In the newest Star Trek movie, Into Darkness, Kirk faces a series of choices where the outcomes are lose-lose. Does he let Spock die or break the Prime Directive and reveal their ship to a primitive society? Does he allow their ship to explode or fix the problem but irradiate himself to death?
Every time he makes a choice, it seems like someone is ready to tell him he made the wrong one. Finally Kirk is fed up.
“I don’t know what I should do,” Kirk tells Spock. “I only know what I can do.”
Granted, the situations Kirk faced are ones we’ll never deal with. And there are situations where we need to think about should and shouldn’t, right and wrong.
But what about when we face a choice without a clear right or wrong? A choice where each path holds potential drawbacks. Maybe in those cases we should worry less about should we or shouldn’t we and think more in terms of can we or can’t we.
Because there’s a difference, and making ourselves phrase the question as a can rather than a should often changes our perspective on the core of the issue.
Last week, for example, my husband’s car reached the end of its life, and we started asking ourselves the inevitable questions.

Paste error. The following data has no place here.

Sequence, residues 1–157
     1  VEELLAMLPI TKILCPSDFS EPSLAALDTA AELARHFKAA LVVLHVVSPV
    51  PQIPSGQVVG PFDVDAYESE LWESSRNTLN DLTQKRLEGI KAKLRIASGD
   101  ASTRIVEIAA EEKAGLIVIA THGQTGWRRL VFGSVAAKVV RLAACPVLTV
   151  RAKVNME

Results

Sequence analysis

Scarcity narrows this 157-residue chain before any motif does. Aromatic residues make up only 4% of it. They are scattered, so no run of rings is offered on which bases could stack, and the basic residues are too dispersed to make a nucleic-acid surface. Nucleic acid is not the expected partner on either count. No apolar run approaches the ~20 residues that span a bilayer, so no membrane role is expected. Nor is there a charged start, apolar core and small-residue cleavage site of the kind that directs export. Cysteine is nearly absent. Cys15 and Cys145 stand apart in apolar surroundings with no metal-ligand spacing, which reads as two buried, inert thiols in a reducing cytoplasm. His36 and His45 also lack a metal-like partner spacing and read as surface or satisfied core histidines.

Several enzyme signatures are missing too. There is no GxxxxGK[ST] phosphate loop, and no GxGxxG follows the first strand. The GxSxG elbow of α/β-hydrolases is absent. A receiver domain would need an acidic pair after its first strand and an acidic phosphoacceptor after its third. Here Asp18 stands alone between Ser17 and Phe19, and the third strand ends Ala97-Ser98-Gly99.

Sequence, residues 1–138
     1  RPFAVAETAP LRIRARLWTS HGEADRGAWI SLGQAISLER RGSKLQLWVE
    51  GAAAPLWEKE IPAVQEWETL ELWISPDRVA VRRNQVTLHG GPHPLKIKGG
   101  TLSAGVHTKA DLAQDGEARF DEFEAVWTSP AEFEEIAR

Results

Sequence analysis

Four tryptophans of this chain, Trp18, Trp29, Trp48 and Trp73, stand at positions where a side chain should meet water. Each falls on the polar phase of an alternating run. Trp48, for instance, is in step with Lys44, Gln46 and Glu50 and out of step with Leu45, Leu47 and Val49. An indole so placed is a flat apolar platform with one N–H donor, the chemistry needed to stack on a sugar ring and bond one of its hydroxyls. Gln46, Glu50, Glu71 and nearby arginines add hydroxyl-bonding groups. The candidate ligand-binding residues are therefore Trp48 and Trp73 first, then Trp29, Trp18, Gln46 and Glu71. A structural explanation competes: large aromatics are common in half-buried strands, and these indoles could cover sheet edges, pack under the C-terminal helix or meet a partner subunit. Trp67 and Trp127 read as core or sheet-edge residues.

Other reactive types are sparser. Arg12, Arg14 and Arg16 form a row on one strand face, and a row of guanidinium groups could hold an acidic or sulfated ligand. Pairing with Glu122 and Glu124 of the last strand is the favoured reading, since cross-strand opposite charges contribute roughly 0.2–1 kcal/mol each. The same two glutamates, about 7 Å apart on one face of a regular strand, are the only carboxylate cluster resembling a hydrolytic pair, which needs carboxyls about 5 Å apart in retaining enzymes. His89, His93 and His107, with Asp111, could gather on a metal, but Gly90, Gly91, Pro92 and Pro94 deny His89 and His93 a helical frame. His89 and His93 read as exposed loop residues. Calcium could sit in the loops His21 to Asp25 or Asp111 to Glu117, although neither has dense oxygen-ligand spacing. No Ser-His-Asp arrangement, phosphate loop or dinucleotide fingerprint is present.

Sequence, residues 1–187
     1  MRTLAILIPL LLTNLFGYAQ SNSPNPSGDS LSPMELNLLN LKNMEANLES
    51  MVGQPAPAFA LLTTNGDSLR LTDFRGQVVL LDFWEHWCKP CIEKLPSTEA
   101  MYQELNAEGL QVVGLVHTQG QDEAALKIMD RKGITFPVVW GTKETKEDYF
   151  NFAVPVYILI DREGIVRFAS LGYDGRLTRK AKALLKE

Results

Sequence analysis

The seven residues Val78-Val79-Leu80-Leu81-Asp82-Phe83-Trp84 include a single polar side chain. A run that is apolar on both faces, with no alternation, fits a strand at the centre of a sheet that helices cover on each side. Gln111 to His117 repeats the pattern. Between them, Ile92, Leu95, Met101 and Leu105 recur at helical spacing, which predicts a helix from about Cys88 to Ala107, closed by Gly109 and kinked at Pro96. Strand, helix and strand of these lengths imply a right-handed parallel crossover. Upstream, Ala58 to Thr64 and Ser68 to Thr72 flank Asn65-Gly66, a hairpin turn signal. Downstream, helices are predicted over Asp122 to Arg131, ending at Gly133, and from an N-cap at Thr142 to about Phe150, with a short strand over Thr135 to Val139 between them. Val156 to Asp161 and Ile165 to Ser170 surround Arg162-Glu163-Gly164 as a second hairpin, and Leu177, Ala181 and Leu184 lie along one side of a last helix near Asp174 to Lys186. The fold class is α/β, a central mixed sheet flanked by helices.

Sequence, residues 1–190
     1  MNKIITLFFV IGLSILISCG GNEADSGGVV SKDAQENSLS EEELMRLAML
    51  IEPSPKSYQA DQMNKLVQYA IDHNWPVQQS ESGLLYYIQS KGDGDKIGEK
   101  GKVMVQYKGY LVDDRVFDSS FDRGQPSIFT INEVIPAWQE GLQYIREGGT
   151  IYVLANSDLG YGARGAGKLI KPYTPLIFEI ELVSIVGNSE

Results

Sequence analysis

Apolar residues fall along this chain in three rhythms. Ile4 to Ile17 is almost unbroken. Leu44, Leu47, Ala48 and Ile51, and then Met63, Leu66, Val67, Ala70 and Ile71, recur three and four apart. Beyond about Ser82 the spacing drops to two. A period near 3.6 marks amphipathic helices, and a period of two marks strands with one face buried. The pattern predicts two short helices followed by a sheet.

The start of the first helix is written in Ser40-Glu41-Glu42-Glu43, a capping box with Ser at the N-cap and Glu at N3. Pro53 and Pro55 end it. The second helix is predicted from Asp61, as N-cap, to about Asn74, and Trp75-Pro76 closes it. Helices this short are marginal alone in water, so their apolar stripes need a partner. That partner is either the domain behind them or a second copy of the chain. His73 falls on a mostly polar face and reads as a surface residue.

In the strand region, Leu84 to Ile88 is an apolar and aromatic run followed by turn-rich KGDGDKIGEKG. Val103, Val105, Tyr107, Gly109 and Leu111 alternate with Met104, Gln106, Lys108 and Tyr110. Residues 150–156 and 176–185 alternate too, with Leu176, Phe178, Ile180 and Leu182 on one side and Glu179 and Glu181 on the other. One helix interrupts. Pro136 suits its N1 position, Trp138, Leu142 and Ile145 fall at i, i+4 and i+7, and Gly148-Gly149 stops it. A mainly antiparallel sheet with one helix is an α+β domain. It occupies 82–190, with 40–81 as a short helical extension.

Should we buy a new vehicle or a used vehicle?
Should we trade in my truck and go down to being a one-car household?
I was making myself sick wondering what we should do. Once I started thinking about it in terms of can do, the answers were easy.
Can we really afford a new vehicle without putting ourselves in a bad financial situation?
Maybe some people would have said we should have taken on the crushing debt to buy a new car because of the warranty or reliability or it looks nicer. Phrasing it as a can question made the answer simple for us.
Can we really afford to pay for and maintain two vehicles when my husband goes back to school in the fall?
Maybe some people would have said we should keep two vehicles because of the inconvenience of me not having a car at my disposal. Phrasing it as a can question, though, helped us get down to what was really the issue for us. We’d made a choice to sacrifice in the short-term to send my husband back to school in order to help us reach our long-term goals. We can’t make payments on two vehicles while sending him to school, and my truck doesn’t get good enough gas mileage to be our sole vehicle when he’ll have a two-hour commute each day.
Yes, it’s semantics, but changing the way we ask a question can sometimes also change the way we look at it.
Is there a question you’re facing where the answer becomes easier if you ask it as a can rather than a should? If you’re in a two adult household, do you share one car or each have your own?
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